Ex-Browns head coach Hue Jackson says ‘internal discord’ unfair characterization

In ESPN interview Friday, Jackson says he and Todd Haley have not spoken since firings

Daryl Ruiter
November 02, 2018 - 11:42 am
Hue Jackson, Todd Haley, Baker Mayfield Cleveland Browns

Cary Edmondson-USA TODAY Sports

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Cleveland, OH (92.3 The Fan) – When owner Jimmy Haslam and general manager John Dorsey announced they had fired Hue Jackson as head coach Monday, they did not point to his 3-36-1 record.

Haslam specifically said, “we will not tolerate internal discord.”

In a lengthy interview on ESPN’s ‘First Take’ Friday morning featuring Stephen A. Smith and Max Kellerman, Jackson disputed the notion that problems with offensive coordinator Todd Haley was the root cause of both of their dismissals.

“I don’t really think it was truly just about internal discord,” Jackson said. “I think that’s a strong word. I think you have disagreements with coaches – with Todd, with Gregg Williams, with Amos Jones, who is also the special teams coordinator. I don’t think that’s internal discord.”

Haley came to Cleveland in January after the Steelers declined to renew his contract and he came to town with a reputation for having a strong, combustible personality.

Jackson was asked specifically if he hired Haley, to which he said, “Yes I did.” He also disputed the notion that the hire was forced upon him by the Haslams or Dorsey.

“Those were my hires, and those hires were very strategic for me,” Jackson said. “I knew that Todd Haley was a proven offensive play caller, veteran play caller in our division. Why would you not? I mean, let’s be honest, I knew I was on the clock. You can’t be 1-15, 0-16 and think, you know you can go through the season and not win football games.

“I wanted to surround myself with guys that have done it, and done it at a high level, and Todd Haley was definitely one of those guys.”

So why hire Haley?

“When I think of our division, I think the fastest way to make an impact with a team that hadn’t won a lot of games is in your division,” Jackson said. “Here’s a guy, as I mentioned earlier, had done a great job within the division of playing these teams and been very successful. Why not Todd Haley? You know, again, everybody has a different personality but at the end of the day if it’s truly about winning, you do what you think is best to put the team in a situation to have success.”

Jackson regrets turning the offense over to Haley and following the 33-18 loss to the Steelers, Jackson planned to take it back. But he and Haley were fired first.

The two have not spoken since they were fired.

“I hired Todd. I brought Todd into the organization. I understood the personality I was getting when I brought him in,” Jackson said. “Gregg Williams is no different. Again, because I thought we needed guys that could change the narrative in Cleveland. I think we needed strong personalities to lead both sides of the ball because we need to come out and play extremely well so again, my relationship with Todd is still my relationship with him and what I mean by that – I mean, we haven’t talked since we both departed but I think you know, again, we respect each other’s football [knowledge].”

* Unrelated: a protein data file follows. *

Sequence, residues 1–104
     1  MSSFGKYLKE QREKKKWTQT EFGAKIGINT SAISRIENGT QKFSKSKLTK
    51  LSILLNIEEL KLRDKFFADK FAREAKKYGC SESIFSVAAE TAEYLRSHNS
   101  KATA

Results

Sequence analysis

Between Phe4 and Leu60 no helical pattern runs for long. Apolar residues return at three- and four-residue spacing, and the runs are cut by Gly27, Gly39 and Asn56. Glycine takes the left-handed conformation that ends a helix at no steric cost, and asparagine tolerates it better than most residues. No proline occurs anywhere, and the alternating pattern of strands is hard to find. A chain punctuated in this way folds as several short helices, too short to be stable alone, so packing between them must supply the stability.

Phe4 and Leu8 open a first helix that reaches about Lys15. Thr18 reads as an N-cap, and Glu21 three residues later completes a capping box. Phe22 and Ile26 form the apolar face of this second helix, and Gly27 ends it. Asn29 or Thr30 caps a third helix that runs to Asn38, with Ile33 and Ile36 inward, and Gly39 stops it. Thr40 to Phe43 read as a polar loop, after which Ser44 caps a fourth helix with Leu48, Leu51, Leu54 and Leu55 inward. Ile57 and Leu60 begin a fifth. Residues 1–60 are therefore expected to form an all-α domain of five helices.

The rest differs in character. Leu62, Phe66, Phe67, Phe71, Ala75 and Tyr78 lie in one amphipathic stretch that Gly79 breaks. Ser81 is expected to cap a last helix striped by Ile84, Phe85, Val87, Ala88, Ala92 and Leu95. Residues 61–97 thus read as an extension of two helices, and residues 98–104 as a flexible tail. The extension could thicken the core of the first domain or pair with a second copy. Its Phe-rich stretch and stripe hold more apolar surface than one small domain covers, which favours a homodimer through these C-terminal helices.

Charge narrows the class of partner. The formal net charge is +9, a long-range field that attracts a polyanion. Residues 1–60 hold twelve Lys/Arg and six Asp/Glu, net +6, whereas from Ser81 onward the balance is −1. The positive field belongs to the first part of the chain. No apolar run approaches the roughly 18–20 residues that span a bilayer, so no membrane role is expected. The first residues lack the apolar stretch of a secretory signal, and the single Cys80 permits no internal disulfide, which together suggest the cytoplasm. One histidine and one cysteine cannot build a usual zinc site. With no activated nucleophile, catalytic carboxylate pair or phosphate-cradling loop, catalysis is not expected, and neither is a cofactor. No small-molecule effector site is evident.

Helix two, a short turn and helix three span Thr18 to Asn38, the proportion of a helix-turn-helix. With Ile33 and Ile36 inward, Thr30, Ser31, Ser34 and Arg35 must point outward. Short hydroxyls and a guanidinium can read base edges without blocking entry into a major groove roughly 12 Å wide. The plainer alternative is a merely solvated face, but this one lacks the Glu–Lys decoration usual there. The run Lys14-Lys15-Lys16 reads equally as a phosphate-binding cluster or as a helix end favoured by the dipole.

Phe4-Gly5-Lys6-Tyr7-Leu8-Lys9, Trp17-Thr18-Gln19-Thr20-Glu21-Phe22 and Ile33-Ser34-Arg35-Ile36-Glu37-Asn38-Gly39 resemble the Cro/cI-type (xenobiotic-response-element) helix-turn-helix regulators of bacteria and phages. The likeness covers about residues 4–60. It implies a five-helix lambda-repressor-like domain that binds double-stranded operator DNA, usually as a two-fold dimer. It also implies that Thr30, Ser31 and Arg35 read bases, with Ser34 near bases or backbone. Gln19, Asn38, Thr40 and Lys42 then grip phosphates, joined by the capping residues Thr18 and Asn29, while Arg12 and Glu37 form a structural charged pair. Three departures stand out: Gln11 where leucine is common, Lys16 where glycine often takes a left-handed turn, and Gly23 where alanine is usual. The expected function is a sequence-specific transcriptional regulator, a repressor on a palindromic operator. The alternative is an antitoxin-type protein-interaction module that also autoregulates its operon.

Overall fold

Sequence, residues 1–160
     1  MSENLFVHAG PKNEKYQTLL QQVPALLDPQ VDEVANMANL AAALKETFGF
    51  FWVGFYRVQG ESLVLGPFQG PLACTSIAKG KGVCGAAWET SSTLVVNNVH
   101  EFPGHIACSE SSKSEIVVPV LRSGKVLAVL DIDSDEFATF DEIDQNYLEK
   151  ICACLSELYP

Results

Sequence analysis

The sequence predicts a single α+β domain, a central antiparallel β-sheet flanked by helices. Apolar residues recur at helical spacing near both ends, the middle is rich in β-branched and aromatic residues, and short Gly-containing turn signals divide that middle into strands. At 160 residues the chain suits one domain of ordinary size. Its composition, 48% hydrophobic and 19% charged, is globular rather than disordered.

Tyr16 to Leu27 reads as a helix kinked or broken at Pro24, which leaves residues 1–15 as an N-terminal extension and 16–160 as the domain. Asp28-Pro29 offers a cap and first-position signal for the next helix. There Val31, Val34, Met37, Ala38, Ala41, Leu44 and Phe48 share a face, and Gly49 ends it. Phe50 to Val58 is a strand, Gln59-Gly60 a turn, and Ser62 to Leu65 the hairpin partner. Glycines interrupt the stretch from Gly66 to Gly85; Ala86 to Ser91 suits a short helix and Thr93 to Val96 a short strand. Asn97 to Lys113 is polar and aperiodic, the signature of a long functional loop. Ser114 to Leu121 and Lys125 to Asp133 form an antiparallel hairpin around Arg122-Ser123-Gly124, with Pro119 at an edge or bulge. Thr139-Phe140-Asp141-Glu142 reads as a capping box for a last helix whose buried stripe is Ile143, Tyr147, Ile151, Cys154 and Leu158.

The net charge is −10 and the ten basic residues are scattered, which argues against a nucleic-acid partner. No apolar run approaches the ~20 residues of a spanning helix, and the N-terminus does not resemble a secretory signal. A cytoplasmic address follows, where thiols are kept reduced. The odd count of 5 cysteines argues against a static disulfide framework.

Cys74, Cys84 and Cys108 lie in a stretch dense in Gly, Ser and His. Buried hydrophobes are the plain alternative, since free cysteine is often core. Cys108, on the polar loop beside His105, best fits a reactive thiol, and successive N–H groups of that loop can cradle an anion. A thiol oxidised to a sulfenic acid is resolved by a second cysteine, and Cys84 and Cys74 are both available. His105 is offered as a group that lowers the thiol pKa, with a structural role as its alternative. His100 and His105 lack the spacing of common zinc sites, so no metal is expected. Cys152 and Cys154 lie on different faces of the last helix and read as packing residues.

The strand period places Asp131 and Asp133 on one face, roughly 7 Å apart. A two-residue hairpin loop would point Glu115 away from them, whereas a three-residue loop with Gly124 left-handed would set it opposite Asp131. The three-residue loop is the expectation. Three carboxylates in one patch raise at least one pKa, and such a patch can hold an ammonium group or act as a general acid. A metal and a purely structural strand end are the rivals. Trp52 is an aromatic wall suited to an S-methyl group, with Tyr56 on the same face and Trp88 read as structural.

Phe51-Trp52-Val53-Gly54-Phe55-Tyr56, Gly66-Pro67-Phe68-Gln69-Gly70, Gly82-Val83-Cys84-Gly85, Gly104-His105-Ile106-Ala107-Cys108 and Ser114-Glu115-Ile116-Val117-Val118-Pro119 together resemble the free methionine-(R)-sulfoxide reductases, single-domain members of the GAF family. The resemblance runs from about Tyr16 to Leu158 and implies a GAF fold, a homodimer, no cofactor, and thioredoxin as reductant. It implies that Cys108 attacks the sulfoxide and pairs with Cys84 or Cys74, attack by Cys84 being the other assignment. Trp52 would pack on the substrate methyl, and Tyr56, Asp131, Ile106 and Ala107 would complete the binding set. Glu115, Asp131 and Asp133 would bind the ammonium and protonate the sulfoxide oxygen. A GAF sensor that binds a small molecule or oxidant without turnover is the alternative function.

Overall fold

Jackson revealed that he didn’t think the Browns were playing to Baker Mayfield’s strengths offensively.

“I think we played a traditional style of football, and that's OK,” Jackson said. “There's nothing wrong with that. But again the question that was asked of me is what would you do with Baker. I think that's where I think the rubber meets the road. You have to do everything you can to make him successful, and if you're going to do that, then you go back and do the things that made you draft him as the first pick of the draft.”

Jackson also tried to dispute the narrative that he is unwilling to take accountability saying, “I take it all.”

“We didn't win enough. At the end of the day when you look at it, we didn't win enough games,” Jackson said. “No matter how you cut it, regardless of what they said or how they said it, you gotta win enough games. You know, these jobs, there’s 32 of them and I was fortunate and blessed by Dee and Jimmy to have an opportunity to be one of 32, but at the end of the day when you look at it you gotta win enough games and we didn’t.”

Jackson said he is “surprised and shocked when people say that” he throws people under the bus.

“I do get surprised by so many things that says I throw people under the bus,” Jackson said. “I think if people really go and watch, for majority of the time, I've taken it all. I've taken it all for the organization, the football team and anybody else.”

As for what is next for Jackson, he hopes to repair his image as a coach by taking a step back when he does return to coaching.

“I hope the next opportunity for me is to go back and be a coordinator, first and foremost,” Jackson said. “Go back and put my name back to where it should be among the best play callers in this league, and then move forward from there.”